If he really was caught up in a bad situation, I feel for Brandon Miller. What the hell are you supposed to do when your older teammate asks you to uber him his piece? Miles told Miller to bring him the gun because a “n**** was fakin,” which means Miller could have interpreted that as Miles being in danger.
And like it or not, we’ve learned again and again in this country that some of its citizens are free and clear to stand their ground.
You might be saying to yourself right now, “I would never be in a situation where I was out on the town on a Saturday night with a weapon, or even hanging out with anyone that had a weapon.”
And to that I’d say, is there anywhere in this country where you can go to a bar on a Saturday night and someone isn’t packing? You can’t even go to high school or college or the grocery store or even church with the guarantee that things won’t pop off.
What’s that NRA saying– “the only person that can stop a bad guy with a gun is a good guy with a gun?”
Was Cedric Johson the good guy in this case because police are saying Michael Davis fired first? Is it a good thing that Johnson had a gun to defend himself, and bad thing that Darius Miles, who was raised by a police officer, also had a gun?
Are good and bad only defined by the outcome?
There’s a lot more to sort through than our simple John Wayne fantasies of what America is supposed to be. What you can do in this situation, if you have kids, is take the time to have a conversation with them about this. Do they know how to use a firearm? Do any of their friends legally or illegally own a firearm? Have they ever heard of any of their acquaintances leaving the house with a firearm? What do you do in a situation where tempers flare and attitudes escalate?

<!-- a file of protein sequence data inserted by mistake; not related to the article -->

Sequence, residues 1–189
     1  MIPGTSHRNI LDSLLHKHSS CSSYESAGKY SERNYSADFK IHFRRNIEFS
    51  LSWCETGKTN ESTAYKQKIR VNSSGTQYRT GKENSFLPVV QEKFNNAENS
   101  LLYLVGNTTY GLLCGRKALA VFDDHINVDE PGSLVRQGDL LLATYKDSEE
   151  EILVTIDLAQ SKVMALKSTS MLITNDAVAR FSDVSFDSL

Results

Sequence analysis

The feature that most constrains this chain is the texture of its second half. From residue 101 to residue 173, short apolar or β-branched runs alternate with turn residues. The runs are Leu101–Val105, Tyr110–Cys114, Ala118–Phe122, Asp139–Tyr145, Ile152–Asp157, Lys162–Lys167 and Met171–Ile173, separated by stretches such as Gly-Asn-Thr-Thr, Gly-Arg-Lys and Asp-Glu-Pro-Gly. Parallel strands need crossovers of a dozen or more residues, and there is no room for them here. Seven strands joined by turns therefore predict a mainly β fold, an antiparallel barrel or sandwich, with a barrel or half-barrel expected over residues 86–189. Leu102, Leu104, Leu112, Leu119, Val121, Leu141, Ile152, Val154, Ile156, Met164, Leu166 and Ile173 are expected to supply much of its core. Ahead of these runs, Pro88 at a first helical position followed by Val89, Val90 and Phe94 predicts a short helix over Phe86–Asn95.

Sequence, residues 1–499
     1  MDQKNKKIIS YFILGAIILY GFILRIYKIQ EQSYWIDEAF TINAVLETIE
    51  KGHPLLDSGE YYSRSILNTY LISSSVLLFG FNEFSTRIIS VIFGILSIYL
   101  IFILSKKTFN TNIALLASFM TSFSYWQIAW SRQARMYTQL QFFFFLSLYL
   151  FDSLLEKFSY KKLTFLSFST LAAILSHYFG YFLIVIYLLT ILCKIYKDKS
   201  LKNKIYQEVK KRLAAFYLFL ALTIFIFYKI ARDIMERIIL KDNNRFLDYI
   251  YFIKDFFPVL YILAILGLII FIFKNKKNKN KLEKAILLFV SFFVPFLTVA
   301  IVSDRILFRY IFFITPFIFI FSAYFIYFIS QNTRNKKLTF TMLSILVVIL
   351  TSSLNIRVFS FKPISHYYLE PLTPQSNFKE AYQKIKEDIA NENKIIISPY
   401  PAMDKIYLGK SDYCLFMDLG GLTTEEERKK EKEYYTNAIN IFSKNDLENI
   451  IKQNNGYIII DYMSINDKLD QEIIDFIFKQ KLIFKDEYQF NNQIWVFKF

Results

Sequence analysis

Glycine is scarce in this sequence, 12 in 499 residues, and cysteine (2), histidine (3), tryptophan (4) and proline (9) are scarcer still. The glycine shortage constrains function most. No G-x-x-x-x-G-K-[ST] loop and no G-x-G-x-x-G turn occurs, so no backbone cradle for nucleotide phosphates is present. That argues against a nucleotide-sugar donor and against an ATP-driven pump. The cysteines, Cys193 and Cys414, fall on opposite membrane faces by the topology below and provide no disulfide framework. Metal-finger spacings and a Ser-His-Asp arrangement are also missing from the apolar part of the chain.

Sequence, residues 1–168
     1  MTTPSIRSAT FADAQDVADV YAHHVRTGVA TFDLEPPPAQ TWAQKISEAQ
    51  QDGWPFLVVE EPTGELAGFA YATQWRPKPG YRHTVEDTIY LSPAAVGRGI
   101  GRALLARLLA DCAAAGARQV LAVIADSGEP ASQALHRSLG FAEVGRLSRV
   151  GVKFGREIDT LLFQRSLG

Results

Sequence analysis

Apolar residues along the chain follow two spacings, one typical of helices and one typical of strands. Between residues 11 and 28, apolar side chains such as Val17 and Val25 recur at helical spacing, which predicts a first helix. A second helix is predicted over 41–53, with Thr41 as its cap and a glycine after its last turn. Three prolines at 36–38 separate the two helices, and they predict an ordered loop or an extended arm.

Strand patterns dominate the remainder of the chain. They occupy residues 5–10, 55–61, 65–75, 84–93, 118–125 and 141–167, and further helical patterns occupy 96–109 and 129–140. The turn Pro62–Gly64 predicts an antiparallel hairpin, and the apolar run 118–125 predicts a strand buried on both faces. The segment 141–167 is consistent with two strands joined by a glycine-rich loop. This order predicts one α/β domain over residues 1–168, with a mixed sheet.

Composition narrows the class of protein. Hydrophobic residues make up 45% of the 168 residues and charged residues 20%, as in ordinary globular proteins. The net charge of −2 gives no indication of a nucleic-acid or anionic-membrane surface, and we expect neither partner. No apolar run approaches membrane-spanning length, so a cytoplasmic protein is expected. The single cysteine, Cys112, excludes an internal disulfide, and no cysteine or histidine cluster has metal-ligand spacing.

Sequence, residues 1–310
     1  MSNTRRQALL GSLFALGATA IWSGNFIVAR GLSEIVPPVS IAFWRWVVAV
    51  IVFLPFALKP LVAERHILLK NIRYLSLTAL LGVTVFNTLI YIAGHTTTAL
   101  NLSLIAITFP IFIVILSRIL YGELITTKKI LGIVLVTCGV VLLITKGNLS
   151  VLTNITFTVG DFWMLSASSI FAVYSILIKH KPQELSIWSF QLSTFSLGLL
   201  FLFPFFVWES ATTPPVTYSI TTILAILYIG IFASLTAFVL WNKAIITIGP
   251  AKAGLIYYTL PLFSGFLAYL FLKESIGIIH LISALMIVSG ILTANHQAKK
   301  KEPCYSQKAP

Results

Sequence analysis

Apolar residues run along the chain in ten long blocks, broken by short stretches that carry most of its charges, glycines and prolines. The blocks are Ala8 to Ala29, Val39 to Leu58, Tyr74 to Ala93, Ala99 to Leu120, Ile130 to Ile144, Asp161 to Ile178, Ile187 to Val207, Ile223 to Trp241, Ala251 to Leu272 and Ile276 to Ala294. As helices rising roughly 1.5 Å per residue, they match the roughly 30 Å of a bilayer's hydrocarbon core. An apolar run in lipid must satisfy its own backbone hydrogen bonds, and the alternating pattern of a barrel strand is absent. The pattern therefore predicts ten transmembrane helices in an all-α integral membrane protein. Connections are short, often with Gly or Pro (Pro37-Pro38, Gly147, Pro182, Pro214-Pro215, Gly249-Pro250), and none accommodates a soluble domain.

I asked my 17-year-old son, and it was a pleasant surprise to hear him say that if you’re headed out somewhere where you feel you might need a gun, maybe that’s not a place where you should be headed.
I guess that’s what makes Nate Oats comments so disappointing. You can’t control every minute of every player’s day, but in this day and age, they have to know that you’re the type of person that will respond with wisdom if they’re ever in a tricky situation.
And you definitely can’t be a college coach in America if you’re not having pre-emptive conversations about guns and gun violence and situational de-escalation.
There is public pressure to retroactively hold Brandon Miller accountable. South Carolina fans already chanted “lock him up” during one recent game, and the idea of fans turning a young woman’s death into in-game taunt fodder is going to be something we look back on with disgust.
And on the other side, Nate Oats and Brandon Miller absolutely have to be on the same page and understand that every single thing that Miller does for the rest of the season is going to be under the world’s most intense microscope.
Of course the “pat-down” Miller and teammates do during introductions is insane given the circumstances. And while I don’t think that what Miller was doing was anything more than an MMA official’s “greasing frisk” you see before every UFC fight, it comes off looking like a damn weapons check, and doing anything to make people associate weapons and Brandon Miller is not the move.
Alabama athletic director Greg Byrne is no stranger to scandal– ask any University of Arizona fan, where Byrne came from, and they’ll tell you that after massive scandals involving the basketball, football and track programs in Tucson during his tenure, that they’re surprised he was ever poached by Tuscaloosa in the first place.
I don’t know what the right thing for Alabama basketball is at this point, but I do agree with Nate Oats that Brandon Miller was in the wrong spot at the wrong time.
But it wasn’t that he was out with a gun-owning college friend in a college town in America on a Saturday night.
Wrong spot wrong time might be that he ever chose to play for Nate Oats at a Greg Byrne-run Alabama in the first place.
Let that sink in.